Tenaglia said once companies understand those transactions, and they can impact on those transactions, they can build up a genealogy of what products went into the final product, where they came from and where they went to. 
“This information can be vital when companies have to carry out recalls on a product, which can be very costly,” he said.
Tenaglia says the third area is quality and how companies are producing products compared with manufacturing specifications.
“The fourth, and probably the most complex area of MES, is integration up into an ERP system.
“However, we are seeing how that can now be simplified using XML standards that allow for and describe the way any MES systems communicate with ERP systems.”

He says the standards have come a long way, with some of the larger multi-national companies well ahead of the pack in defining what those messaging instructions need to be for their business so they can very quickly roll out those applications.
“One organisation we are working with, who has 486 plants world-wide, has developed their standards to build their models with our software. Then they are able to do a five-day deployment of the performance module within a plant, which traditionally for MES was unheard of.
“But if companies can get their standards right, build the right objects for their plant and processes, then they really do simplify a lot of that complexity,” Tengalia said.

Historian critical
With this explosion of data, he says an integrated historian is critical to capture that data in context of a plant.
“For example, before when controlling a motor, all an engineer needed to do was to be able to stop and start it, but now with modern motor controllers there 30 to 40 bits of data that are available. The SCADA system probably needs a handful of those, the rest are very valuable, but to other people in the organisation.” 
Tengalia said the value from all this data comes when companies plug that controller into their historian, which captures the data in context of their plant model, and that’s the way that they start to enable not just the traditional operators down at the manufacturing layer, but also the operations people who can very quickly analyse and make sense of all that data that is sitting within that historian space.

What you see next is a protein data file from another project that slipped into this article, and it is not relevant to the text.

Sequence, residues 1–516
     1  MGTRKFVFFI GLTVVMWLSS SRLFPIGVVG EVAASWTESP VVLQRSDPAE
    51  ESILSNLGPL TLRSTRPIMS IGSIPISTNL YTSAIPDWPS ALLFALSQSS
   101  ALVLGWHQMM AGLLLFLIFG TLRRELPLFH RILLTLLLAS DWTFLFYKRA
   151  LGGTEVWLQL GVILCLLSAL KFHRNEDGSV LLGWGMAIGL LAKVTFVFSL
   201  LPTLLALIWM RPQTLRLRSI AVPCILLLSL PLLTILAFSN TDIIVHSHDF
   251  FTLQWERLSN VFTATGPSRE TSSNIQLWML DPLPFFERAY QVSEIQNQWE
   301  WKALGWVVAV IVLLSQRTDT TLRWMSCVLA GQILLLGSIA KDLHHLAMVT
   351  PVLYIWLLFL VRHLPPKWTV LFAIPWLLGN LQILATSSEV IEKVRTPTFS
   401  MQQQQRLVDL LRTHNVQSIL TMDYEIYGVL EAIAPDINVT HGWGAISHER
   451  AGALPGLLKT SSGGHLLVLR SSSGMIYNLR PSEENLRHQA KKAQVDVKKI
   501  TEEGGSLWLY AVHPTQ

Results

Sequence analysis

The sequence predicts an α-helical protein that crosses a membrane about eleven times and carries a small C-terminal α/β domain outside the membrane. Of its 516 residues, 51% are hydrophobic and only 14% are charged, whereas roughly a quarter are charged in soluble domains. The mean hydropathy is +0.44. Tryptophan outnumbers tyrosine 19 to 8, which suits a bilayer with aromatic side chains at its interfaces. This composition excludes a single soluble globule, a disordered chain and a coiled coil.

“And with more and more younger, less experienced people within organisations, it is important production data is shown in a multitude of different ways.
“Mobility is key, so one of the things we have done to address this is to make sure that the plant visualisation in the infrastructure layer is typically in HTML 5. Because users can develop a graphic in HTML 5 that can be used on an iPad, on a surface tablet, and a traditional PC. Companies are not locked to any one particular device.”

With machines becoming smarter and smarter, Schneider is developing modules that support PacKML, which is an XML language that allows machines to talk to each other and understand the different states machines are in. 
“The more we can embrace those types of standards, the easier it becomes for companies who are setting up packaging lines, making it almost like building Lego.” 
Tengalia said with PacKML, companies can buy their filling machines and packing machines from different vendors and simply plug them in. 
“They can talk to each other in the same language and understand each other straightaway – impressive.”